We started the final leg of our outbound journey with an early morning breakfast in the basement of First Lutheran Church of Bozeman.

Some say carpets make a difference in how well one rests, some thought that perhaps exhaustion was what made the difference, and one or two lucky travelers actually slept on a sofa. Regardless of the environment there was general agreement that all slept better than the night before. The author notes that we set a pretty low bar the night before.

Worship in the morning was a special service for Independence Day. The congregation was very welcoming, and we were also surprised meet up with a church from Prior Lake, MN also on their way to Shoshone. After some mingling and coffee, we started our mountain drive into Idaho. Some stomachs in our group are more acclimated to driving in the plains and prairies and felt a little queasy.

As the mountain driving increased, so did our anticipation for the upcoming week. Leaving I-90 after many miles, we started our trek up to Shoshone Base Camp. Pulling into camp, we were greeted by a familiar face, Andrew Wingren, who is working in Idaho and was able to join us for the week. After checking in and completing registration, we had some chill time to check out our surroundings and lodgings. All campers stayed in Big Creek. One side of the building was designated for guys and the other for girls and both had comfy bunk beds.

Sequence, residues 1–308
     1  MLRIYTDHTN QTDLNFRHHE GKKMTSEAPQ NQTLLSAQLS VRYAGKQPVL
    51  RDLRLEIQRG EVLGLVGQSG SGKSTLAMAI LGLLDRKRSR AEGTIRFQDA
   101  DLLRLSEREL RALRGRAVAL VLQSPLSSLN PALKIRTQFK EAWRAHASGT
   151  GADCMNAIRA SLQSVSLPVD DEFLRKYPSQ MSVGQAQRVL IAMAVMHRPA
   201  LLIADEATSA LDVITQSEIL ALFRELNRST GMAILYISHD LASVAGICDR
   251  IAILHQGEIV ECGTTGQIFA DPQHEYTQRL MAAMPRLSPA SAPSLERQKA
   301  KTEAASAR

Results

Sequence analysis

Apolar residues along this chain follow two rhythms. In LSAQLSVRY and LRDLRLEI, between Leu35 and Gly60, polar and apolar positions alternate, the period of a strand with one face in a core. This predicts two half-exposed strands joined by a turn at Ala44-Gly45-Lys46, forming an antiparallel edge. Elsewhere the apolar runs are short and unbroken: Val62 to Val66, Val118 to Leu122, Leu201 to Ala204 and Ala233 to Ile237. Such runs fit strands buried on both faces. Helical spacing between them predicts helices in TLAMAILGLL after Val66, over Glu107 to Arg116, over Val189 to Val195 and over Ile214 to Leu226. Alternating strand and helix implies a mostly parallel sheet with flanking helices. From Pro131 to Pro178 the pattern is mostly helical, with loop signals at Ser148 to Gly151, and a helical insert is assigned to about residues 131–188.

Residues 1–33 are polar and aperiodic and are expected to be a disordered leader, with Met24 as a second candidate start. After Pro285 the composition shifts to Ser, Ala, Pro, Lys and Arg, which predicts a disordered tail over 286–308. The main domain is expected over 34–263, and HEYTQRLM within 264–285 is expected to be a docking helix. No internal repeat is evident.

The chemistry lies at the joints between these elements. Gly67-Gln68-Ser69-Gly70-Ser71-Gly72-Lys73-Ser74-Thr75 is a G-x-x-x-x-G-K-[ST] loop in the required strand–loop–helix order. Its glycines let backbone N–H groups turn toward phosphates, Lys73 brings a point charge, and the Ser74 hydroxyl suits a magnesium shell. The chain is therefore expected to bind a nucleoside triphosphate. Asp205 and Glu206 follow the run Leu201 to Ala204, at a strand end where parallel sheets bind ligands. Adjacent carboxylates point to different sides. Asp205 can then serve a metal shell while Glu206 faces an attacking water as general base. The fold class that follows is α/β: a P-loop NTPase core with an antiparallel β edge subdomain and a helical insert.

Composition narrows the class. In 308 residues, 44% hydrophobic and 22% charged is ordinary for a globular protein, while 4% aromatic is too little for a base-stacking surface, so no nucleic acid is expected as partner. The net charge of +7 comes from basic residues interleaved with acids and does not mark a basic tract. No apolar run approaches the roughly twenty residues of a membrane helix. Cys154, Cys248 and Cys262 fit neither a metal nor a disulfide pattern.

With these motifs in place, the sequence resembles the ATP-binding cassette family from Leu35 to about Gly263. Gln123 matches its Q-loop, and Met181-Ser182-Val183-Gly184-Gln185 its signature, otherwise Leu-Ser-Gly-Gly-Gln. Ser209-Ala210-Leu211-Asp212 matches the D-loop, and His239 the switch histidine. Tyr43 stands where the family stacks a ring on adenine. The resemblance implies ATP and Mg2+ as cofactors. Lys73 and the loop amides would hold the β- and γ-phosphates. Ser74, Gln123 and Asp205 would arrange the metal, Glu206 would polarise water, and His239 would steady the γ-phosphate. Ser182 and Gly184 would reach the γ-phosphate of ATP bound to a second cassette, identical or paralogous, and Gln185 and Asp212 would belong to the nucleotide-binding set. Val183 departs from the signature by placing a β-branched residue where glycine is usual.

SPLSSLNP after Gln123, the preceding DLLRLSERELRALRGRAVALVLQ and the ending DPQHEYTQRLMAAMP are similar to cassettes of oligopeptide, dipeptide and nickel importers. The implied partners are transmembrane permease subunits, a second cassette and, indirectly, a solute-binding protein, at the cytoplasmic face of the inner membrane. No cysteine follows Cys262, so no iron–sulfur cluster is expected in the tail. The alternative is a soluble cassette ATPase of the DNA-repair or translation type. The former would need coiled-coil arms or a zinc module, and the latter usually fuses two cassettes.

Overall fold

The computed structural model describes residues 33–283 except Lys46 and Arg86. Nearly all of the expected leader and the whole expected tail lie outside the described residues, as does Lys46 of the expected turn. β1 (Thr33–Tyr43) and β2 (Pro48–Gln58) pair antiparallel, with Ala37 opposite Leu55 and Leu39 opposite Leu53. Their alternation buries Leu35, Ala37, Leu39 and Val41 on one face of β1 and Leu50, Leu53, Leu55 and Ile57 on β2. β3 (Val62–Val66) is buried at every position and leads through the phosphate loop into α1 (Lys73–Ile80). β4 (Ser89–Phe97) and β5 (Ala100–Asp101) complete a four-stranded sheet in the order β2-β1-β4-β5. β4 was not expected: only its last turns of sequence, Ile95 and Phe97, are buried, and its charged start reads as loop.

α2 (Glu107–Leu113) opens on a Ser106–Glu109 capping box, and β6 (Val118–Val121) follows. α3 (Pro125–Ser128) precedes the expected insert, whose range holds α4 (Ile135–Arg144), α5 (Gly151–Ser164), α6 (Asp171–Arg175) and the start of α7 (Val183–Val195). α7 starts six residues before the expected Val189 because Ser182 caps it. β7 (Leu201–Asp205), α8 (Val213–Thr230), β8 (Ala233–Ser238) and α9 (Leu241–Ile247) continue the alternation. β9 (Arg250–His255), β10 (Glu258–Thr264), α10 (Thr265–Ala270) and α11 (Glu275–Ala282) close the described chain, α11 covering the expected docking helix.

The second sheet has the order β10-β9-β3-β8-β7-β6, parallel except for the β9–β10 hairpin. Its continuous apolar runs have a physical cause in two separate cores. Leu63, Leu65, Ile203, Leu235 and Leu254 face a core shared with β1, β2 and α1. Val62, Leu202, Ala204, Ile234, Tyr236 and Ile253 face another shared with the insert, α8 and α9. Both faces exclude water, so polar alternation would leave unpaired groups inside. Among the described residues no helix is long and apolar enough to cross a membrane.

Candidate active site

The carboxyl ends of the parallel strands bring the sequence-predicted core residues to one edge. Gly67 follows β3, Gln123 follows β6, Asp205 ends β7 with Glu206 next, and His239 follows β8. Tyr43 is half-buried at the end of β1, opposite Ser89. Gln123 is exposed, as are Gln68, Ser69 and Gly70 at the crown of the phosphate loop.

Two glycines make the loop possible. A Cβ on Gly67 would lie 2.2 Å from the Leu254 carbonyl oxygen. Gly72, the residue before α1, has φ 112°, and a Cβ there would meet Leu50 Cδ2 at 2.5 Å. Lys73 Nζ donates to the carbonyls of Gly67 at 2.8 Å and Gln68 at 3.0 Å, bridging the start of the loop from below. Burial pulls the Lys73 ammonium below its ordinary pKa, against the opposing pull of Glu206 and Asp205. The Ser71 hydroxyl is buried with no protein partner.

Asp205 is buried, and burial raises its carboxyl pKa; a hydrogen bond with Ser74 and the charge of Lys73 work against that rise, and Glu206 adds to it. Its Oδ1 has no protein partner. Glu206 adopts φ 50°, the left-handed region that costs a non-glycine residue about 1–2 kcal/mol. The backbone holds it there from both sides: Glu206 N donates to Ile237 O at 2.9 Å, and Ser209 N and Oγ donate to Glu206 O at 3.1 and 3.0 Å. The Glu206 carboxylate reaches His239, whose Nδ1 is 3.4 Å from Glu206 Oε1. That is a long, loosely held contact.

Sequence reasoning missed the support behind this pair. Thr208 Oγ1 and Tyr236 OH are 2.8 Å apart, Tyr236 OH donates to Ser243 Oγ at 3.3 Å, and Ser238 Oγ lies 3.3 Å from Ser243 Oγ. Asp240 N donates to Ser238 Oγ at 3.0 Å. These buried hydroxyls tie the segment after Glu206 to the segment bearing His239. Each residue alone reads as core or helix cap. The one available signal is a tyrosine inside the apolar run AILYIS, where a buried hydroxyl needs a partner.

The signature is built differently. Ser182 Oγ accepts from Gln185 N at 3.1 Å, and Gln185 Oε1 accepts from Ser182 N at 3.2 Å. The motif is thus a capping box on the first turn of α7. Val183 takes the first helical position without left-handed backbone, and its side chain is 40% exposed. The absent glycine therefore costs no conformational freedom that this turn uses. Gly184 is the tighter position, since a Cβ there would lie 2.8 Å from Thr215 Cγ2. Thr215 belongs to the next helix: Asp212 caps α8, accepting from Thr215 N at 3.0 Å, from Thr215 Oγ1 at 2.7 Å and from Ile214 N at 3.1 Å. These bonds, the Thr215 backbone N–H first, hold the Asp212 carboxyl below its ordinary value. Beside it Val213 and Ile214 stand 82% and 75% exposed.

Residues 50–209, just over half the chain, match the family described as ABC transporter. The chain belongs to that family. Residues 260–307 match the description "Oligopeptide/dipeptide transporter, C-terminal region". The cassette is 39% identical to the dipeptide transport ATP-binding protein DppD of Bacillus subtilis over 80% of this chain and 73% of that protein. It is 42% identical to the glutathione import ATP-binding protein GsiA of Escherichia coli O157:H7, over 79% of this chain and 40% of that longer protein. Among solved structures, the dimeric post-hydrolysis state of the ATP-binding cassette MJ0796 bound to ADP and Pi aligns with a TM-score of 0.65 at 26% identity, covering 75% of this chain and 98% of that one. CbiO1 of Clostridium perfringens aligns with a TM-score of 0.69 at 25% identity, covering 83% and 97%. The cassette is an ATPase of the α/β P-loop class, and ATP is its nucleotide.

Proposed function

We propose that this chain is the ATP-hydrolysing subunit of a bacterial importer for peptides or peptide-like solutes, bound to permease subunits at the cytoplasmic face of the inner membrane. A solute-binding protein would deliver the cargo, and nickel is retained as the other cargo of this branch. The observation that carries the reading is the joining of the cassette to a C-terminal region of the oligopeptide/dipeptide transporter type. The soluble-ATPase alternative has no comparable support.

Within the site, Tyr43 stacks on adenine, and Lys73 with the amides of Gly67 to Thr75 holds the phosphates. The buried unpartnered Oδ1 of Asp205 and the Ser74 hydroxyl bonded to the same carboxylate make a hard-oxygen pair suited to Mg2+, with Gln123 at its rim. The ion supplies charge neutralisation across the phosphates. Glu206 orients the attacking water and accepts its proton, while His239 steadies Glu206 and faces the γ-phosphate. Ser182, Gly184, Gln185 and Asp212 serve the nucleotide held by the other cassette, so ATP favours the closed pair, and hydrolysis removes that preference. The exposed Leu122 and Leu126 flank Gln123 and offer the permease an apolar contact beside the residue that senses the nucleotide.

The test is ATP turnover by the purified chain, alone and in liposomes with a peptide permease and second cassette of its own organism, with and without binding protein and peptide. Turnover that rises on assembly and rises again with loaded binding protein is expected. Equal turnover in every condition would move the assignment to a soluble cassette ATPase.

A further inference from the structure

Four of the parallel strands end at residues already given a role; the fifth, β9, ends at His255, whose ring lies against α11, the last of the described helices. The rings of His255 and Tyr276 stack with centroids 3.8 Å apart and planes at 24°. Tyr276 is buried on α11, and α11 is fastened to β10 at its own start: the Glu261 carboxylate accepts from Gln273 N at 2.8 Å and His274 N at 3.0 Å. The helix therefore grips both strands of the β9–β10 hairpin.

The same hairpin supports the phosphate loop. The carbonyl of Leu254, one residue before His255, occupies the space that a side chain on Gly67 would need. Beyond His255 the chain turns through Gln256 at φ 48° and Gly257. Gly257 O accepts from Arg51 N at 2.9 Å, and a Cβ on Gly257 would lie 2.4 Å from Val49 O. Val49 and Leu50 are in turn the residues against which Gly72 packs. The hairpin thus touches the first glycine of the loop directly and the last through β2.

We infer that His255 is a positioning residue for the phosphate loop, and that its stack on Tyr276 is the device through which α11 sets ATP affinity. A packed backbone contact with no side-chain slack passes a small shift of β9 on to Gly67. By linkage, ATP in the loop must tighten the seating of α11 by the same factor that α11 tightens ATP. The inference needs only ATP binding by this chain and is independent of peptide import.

Soon the whole group was assembled. Campers from New Mexico, Washington, and three groups from Minnesota comprised our group of sixty-one. We congregated in the quad of camp to meet our counselors and learn about our week. We met our servant teams for the week, and got to know them better during our evening meal. The service teams designated each member with a leadership role – “chow hounds” fixed meals for their team each day, “quartermasters” rounded up tools needed for each day, “fire starters” led devotions and prayers, the “guidebook” made sure the group arrived at the correct destination, and the “chronicler” took pictures to record the work being done.

We had an abbreviated campfire discussion that night so that those who were interested could watch the fireworks in Murray, a small town a few miles down the road. Watching the fireworks in north Idaho was definitely a new experience for our youth. Yes, we were at the town dump, and there was that one firework that veered a little off course, but we ooohed and aaahed and enjoyed the evening. It was a festive end to a long day!

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